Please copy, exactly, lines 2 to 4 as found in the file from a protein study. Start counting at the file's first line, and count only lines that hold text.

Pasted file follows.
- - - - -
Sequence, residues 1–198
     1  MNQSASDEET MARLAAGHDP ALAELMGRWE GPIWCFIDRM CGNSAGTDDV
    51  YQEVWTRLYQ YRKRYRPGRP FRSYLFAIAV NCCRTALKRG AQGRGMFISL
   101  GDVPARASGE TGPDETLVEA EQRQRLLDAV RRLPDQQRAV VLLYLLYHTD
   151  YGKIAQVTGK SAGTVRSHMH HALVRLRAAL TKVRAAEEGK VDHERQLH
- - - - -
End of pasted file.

     1  MNQSASDEET MARLAAGHDP ALAELMGRWE GPIWCFIDRM CGNSAGTDDV
    51  YQEVWTRLYQ YRKRYRPGRP FRSYLFAIAV NCCRTALKRG AQGRGMFISL
   101  GDVPARASGE TGPDETLVEA EQRQRLLDAV RRLPDQQRAV VLLYLLYHTD